US, China to hold first high-level meet under Biden in Alaska | Joe Biden News


Talks will be first in-person meeting of high-level officials and will air disagreements between the two powers.

Secretary of State Antony Blinken will meet top Chinese officials on March 18 during a stop in Alaska, the State Department said on Wednesday, marking the first high-level in-person contact between the two countries under the Biden administration, which promised on Monday to air issues where there are “deep disagreements”.

White House National Security Advisor Jake Sullivan will join the meeting in Anchorage with China’s top diplomat, Yang Jiechi, and State Councillor Wang Yi. The meeting will follow Blinken’s first overseas trip to US allies Japan and South Korea.

“The meeting is an opportunity to address a wide range of issues, including ones where we have deep disagreements,” White House Press Secretary Jen Psaki told reporters on Wednesday.

Chinese foreign minister Wang Yi talks with South Korean foreign minister Kang Kyung-wha during their meeting at the foreign ministry in Seoul, South Korea in November 2020 [File: Kim Min-Hee/Pool via AFP]

“It was important to us that this administration’s first meeting with Chinese officials to be held on American soil and occur after we have met and consulted closely with partners and allies and both Asia and Europe,” she said.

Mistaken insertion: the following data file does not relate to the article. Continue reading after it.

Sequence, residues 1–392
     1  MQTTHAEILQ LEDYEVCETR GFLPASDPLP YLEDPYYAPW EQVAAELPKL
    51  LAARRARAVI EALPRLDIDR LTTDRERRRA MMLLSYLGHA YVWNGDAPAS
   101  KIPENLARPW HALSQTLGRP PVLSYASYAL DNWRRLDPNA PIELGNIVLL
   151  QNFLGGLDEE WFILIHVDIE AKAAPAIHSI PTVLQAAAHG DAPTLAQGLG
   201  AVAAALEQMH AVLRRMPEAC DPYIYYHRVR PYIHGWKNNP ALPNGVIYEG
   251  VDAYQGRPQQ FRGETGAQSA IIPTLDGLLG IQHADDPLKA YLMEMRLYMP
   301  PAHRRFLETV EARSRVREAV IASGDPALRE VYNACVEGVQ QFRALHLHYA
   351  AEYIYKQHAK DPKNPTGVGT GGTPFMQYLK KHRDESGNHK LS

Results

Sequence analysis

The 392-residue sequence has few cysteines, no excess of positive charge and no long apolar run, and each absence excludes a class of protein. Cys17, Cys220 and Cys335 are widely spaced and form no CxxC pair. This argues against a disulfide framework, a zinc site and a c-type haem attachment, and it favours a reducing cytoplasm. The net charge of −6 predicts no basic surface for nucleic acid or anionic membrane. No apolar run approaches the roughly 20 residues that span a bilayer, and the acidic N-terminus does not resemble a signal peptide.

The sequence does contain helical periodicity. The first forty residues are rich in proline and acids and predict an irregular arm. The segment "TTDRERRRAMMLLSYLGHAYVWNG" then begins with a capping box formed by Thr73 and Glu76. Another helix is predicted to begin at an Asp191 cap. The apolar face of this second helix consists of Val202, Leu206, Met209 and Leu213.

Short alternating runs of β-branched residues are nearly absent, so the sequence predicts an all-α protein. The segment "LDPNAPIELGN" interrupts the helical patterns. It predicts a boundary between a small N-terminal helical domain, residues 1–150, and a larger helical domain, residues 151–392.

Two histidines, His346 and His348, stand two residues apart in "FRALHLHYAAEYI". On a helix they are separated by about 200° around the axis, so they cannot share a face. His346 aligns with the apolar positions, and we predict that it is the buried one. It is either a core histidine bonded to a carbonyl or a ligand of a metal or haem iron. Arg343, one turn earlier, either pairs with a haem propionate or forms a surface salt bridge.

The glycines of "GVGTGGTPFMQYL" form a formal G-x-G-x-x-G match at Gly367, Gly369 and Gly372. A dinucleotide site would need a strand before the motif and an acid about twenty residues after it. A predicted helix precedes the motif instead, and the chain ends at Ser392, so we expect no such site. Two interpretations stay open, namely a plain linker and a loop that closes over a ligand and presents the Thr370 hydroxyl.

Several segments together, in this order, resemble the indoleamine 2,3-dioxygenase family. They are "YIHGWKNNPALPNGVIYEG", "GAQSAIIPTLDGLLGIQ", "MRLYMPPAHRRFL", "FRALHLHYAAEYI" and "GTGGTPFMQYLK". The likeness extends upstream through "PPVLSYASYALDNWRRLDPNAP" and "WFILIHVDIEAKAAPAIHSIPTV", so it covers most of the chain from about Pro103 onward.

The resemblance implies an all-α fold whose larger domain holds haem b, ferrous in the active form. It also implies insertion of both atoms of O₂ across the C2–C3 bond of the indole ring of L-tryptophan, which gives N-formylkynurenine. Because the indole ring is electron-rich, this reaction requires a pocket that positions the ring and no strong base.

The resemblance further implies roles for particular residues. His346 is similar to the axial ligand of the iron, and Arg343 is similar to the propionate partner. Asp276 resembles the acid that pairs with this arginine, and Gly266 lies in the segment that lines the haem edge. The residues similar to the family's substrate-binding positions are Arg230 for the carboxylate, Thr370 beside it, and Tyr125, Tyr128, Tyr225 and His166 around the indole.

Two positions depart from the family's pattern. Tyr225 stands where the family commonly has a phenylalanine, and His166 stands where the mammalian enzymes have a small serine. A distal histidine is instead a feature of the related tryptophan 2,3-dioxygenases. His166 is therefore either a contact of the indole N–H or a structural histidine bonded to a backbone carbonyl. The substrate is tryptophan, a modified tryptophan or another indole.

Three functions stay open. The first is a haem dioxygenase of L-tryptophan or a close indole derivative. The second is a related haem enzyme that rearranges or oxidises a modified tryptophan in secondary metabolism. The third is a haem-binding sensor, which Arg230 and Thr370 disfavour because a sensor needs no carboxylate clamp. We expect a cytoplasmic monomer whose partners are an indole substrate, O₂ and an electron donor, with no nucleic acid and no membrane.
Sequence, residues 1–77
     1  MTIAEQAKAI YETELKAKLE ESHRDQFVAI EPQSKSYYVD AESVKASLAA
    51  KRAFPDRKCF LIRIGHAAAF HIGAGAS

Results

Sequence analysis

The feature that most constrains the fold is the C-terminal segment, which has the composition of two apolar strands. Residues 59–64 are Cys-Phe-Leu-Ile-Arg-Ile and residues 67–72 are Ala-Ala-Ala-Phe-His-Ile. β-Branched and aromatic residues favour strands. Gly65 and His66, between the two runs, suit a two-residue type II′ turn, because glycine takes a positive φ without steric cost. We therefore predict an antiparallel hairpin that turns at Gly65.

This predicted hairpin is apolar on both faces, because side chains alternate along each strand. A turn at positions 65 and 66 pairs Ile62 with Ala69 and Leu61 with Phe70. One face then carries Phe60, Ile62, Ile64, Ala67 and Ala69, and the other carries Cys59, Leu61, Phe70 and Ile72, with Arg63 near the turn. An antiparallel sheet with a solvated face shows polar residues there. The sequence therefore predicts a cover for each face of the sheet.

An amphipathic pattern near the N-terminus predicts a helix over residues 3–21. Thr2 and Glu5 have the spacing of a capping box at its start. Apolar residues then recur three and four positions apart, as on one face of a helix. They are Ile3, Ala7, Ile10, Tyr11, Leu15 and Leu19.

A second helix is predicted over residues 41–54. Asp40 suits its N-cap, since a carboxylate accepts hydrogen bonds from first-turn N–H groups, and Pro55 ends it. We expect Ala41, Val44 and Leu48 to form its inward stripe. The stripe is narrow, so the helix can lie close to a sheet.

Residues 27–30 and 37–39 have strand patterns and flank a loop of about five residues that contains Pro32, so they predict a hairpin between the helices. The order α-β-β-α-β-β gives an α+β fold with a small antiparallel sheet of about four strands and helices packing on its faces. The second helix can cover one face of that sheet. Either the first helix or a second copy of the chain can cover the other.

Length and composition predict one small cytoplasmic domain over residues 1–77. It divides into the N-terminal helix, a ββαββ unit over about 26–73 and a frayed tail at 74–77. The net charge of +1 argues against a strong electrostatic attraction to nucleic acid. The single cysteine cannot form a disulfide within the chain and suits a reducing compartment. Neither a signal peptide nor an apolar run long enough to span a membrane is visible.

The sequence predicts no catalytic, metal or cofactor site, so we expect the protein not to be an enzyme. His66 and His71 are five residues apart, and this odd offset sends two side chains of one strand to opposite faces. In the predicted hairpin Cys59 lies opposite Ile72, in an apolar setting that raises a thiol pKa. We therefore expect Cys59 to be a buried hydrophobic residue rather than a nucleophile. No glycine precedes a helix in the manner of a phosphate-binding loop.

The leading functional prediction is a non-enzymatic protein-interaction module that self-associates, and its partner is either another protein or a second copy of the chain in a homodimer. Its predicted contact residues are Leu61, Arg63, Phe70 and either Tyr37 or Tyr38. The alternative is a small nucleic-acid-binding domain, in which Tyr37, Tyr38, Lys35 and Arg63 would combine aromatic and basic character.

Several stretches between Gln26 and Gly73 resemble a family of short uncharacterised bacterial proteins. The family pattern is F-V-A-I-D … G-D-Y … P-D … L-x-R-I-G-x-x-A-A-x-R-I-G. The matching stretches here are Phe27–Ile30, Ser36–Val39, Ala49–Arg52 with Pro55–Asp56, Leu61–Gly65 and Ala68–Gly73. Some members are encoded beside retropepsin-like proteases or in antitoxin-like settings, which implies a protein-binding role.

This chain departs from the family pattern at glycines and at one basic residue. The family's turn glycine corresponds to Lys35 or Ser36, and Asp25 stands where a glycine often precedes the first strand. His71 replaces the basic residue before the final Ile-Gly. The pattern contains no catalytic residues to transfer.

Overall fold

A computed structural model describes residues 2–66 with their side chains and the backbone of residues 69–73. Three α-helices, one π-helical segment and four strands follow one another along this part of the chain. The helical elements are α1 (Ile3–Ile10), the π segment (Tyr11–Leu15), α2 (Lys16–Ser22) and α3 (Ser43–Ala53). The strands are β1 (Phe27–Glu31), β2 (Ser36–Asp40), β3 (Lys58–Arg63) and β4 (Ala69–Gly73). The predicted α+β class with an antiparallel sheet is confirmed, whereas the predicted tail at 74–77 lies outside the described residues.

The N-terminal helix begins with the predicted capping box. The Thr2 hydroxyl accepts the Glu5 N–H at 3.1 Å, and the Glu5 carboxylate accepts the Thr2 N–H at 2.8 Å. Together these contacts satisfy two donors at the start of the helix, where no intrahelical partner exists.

The meeting will come after the US is due to hold its first-ever leaders’ meeting of the Quad group of countries, which includes the US, India, Japan and Australia, on Friday, as it looks to boost its diplomacy in Asia to counter China’s growing influence.

US President Joe Biden and his Chinese counterpart, Xi Jinping, held their first phone call as leaders last month and appeared at odds on most issues, even as Xi warned that confrontation would be a “disaster” for both nations.

Blinken told Yang in a phone call earlier in February the US would stand up for human rights and democratic values in Xinjiang, Tibet and Hong Kong.

A man holds a sign during a rally to show support for Uighurs and their fight for human rights in Hong Kong, which has seen a crackdown on pro-democracy demonstrations, on December 22, 2019 [File: Lee Jin-man/AP Photo]

Washington under Biden and the previous administration of former President Donald Trump have criticised Beijing for its treatment of the majority-Muslim Uighur minority population, many of which are being held in a network of internment camps amid allegations of “genocide”.

The US said on February 4 it was “deeply disturbed” by reports Uighur women were being raped in the camps and has called on allies to speak up about the alleged abuses.

China has denied the allegations.

Blinken, who has said Beijing poses the greatest challenge to US foreign policy, also pressed China to condemn the military coup in Myanmar and reaffirmed that Washington will work with allies to hold China accountable for efforts to threaten the stability of Indo-Pacific, including across the Taiwan Strait.

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